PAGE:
In an era where people buy their Christmas presents from eBay, it’s not surprising that buying property at auctions has never been more popular – one in twenty houses now go under the hammer.
With no commission paid to an estate agent, no gazumping, no failure to complete, and full payment in 28 days, auctions are a fast way to buy and sell.
But as you might expect, there’s a pretty mixed bag of properties, ranging from repossessions to local authority housing stock to quirky or unique houses that are difficult to value. Some are there for a quick sale because their owner wants to go abroad; others are hoping the buyer will overlook the property’s faults. Amateurs should be wary of placing a hasty bid in the excitement of it all – read why, by clicking here.
Whatever the property, it is essential that you do your homework well and prepare.
Follow these steps:
1. Do your research.
Identify what type of property and area you’re interested in and find out how much houses are worth. Websites such as www.hometrack.co.uk, www.provisor.com and www.mouseprice.co.uk all have house price data; while www.upmystreet.com has area guides.Talk to estate agents about who’s selling what. Talk to locals and find out if there are any problems with the area. Google the address – you might be surprised what comes up. Get on the mailing lists of local auction houses. Go to a couple of auctions and ask experienced bidders for their tips. Get used to the atmosphere.
2. Sort your finances:
- Get a mortgage agreement in principle. Expect to be questioned about your plans – lenders will be worried about their money and usually want to make sure the borrower understands both the auction process and the costs involved.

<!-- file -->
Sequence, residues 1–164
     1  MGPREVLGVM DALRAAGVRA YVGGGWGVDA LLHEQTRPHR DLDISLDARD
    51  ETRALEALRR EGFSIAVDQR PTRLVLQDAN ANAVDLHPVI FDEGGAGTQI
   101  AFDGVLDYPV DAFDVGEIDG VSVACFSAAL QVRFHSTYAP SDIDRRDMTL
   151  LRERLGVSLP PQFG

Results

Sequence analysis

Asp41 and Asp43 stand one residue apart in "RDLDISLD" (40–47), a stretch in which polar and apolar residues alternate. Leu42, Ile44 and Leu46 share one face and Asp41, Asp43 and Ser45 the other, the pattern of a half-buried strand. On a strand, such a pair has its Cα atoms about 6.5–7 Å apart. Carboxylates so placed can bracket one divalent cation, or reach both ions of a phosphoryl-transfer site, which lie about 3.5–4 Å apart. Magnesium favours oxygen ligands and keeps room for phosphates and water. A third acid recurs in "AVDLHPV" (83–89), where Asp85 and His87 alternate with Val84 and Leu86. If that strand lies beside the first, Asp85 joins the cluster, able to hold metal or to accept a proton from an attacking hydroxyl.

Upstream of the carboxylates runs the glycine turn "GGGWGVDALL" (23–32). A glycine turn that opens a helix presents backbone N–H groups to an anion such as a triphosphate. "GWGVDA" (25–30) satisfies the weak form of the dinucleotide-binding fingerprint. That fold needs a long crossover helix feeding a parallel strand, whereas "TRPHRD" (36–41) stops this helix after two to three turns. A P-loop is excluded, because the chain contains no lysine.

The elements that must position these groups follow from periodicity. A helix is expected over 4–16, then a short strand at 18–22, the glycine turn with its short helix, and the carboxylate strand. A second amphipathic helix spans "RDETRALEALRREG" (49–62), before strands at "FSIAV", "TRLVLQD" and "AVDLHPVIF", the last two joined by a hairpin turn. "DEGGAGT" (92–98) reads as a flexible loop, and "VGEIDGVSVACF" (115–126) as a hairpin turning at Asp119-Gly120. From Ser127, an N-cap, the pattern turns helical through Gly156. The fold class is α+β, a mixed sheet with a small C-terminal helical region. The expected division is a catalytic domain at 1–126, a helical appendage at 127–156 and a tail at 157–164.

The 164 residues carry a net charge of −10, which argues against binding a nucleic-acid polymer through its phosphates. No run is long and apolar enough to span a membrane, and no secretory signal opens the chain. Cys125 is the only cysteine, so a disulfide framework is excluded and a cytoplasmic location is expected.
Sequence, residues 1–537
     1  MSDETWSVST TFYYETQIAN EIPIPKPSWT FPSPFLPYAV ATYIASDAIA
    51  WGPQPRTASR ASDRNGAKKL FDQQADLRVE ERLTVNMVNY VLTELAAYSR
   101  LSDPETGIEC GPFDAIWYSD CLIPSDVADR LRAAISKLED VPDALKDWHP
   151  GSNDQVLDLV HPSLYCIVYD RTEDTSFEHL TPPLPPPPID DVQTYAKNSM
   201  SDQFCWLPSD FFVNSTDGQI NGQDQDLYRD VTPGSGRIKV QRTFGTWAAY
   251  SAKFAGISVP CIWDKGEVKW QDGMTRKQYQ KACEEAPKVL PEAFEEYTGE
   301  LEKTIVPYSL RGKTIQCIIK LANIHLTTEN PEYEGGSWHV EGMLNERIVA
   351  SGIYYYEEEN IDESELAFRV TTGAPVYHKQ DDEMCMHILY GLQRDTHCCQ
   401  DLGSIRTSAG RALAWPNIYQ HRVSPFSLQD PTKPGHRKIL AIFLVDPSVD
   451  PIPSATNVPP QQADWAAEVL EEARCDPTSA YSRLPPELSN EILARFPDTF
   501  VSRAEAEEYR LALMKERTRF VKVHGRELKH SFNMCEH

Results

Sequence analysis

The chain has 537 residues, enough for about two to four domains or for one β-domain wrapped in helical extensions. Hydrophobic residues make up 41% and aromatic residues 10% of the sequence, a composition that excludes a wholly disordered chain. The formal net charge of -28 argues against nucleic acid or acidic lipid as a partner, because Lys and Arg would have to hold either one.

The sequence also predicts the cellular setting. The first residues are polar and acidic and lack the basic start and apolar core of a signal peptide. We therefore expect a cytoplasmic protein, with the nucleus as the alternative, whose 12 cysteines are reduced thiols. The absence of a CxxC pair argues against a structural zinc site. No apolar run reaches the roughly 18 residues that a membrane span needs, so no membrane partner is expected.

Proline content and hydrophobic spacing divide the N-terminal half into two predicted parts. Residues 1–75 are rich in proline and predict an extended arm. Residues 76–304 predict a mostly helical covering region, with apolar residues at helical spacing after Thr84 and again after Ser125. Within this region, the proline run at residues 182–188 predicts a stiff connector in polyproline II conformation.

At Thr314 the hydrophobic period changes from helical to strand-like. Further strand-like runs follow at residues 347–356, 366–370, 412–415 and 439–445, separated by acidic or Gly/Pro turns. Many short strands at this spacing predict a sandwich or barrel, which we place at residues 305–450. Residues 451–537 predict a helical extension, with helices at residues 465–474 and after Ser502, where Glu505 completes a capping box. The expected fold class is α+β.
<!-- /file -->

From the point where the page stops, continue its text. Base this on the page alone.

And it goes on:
- Find out not only how much they’ll lend you but also how fast they can move. You’ll have to hand over 10% of the final price there and then as a deposit and pay the rest within 28 days.
- Remember to factor in the auctioneers’ fees and stamp duty. (Stamp duty is 1% of the sale price on properties between and £250,000, 3% between £250,001 and £500,000, and 4% on properties worth more than £500,000.)
3. Buyers beware:
You’ll need to get a survey done before you bid, even if you don’t win it. This means you could spend a thousand pounds on a house you’ll never own – it’s the major disadvantage of buying at auction, but don’t even think of skipping this stage.
4. Try getting in first:
The seller may take bids in advance if the property is listed as “unless previously sold” and could well be in a hurry. Alternatively, it’s worth asking the auctioneer if they’ll accept a bid for a property that’s failed to meet its reserve price.
5. Set a bidding limit:
Don’t exceed what you can afford. It’s easy to get carried away in the adrenalin-soaked atmosphere of an auction, and the auctioneer’s job is to get you to spend more than you want to. If you don’t trust yourself, try getting a friend or relative to bid for you.
For further information, see:
- www.eigroup.co.uk – the industry standard for information on auctions
- www.ukauctionguides.co.uk – a major source of information on auctions and auction houses
- www.wheresmyproperty.com – UK property search engine
- www.propertyauctionnews.co.uk – members-only newsletter with advice and news
- www.rics.org.uk – The Royal Institute of Chartered Surveyors provides a guide to buying at auction
- www.allsop.co.uk – one of the leading auction houses